"What I require of a wine is that it be transparent, in other words, that those who enjoy it can “read,” in every sip, the history of the osmotic interconnection between my identity and the land that I love, defend, care for, and renew."
My history begins a long way away, in Val dIllasi, more than forty years ago. For my familys fields are there, and I worked there as a child, side by side with my parents. A passion for the earth, as the seasons unfold, became ever more deeply rooted, pushing me to study crop sciences, which completed a course of knowledge that I really began in the fields, in contact with the soil and our local area.
When I was 20 I met the man who changed my life, Giuseppe Quintarelli, my future father-in-law, with whom I worked for years in his winery.
Those were years filled with intense, hard work, during which I honed my profession, measuring my skills against the great classic wines of the area – Amarone, Valpolicella, and Valpolicella Ripasso. My training and my identity became increasingly better-defined, and I developed my own personal vision of the winegrowers profession: in my belief, it is closer to that of an alchemist in continuous search for the philosophers stone that changes lead into gold. It is precisely this striving towards ceaseless research that impelled me later to establish and grow successfully some dozen wineries in the area.
In 1999, I felt that I had by then acquired enough experience in the viticulture-winemaking field, and so, through the recovery of an old sandstone quarry, emerged Zýmē, in San Pietro in Cariano, in the heart of Valpolicella Classico. The winery grew slowly, in tandem with the evolution of my way of conceiving a winemaking operation.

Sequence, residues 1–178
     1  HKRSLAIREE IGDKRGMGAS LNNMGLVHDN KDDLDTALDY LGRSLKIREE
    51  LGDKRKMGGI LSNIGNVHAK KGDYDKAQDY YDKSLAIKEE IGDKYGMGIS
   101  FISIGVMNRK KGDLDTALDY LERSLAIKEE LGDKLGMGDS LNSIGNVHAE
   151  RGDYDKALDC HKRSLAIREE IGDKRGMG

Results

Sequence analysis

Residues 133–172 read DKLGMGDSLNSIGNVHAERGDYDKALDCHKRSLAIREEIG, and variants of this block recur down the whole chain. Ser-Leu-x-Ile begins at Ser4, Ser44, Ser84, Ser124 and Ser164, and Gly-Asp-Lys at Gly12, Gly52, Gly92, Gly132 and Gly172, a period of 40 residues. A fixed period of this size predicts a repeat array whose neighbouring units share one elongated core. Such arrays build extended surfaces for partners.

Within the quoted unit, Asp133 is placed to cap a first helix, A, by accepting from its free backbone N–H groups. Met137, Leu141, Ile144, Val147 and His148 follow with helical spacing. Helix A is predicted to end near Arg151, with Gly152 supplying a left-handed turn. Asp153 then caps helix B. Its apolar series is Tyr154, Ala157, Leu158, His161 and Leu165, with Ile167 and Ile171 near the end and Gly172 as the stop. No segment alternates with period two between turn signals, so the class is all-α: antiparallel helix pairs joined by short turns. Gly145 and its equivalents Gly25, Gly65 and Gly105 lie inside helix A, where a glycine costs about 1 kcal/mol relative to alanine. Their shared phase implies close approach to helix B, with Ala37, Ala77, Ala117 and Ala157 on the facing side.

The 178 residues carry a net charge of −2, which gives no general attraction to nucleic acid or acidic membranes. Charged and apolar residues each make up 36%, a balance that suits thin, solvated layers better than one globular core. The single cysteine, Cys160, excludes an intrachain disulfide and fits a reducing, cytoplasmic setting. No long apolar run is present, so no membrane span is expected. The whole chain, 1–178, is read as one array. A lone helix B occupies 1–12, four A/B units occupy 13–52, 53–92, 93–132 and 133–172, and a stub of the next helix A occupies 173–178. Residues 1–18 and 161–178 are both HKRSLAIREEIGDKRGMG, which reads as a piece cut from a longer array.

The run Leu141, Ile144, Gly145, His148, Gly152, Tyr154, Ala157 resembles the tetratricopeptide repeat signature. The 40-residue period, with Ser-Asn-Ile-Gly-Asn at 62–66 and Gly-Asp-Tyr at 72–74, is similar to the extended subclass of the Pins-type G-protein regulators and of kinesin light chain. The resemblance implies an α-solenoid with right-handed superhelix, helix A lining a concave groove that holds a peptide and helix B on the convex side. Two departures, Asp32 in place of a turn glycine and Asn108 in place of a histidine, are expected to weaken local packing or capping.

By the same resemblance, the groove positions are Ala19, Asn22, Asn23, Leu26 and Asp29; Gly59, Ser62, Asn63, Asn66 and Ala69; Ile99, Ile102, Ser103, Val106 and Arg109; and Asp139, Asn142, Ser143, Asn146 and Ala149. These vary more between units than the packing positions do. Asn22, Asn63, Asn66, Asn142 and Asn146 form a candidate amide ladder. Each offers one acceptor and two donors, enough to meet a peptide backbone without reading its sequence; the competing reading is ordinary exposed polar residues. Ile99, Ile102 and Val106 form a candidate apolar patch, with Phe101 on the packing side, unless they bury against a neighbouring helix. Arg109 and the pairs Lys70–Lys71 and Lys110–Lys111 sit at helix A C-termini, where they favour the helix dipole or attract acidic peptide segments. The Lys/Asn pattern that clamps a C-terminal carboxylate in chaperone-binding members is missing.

I thought long and hard about the fundamental values on which the profession of grapegrower and winemaker should be based: culture, research, and transparency. Culture, for me, is an ethical culture, an awareness that one is part of a local area rich in history and traditions that must be preserved and enhanced. Maintenance of venerable cultivation and winemaking practices and the recovery of ancient indigenous grape varieties are concrete interventions that are evidence of respect for ones origin in that local area. Research is the attempt to reach the cleanest simplicity, cutting away all that is superfluous; after years passed in increasing the refinement of wine, today I strive to coax out and showcase its most essential elements: its purity and its primitive character. I love risk and experimentation, and this revolutionary spirit has led to the birth of some of the wines that are among this winerys most iconic.
What I require of a wine is that it be transparent–in other words, that those who enjoy it can “read,” in every sip, the history of the osmotic interconnection between my identity and the land that I love, defend, care for, and renew.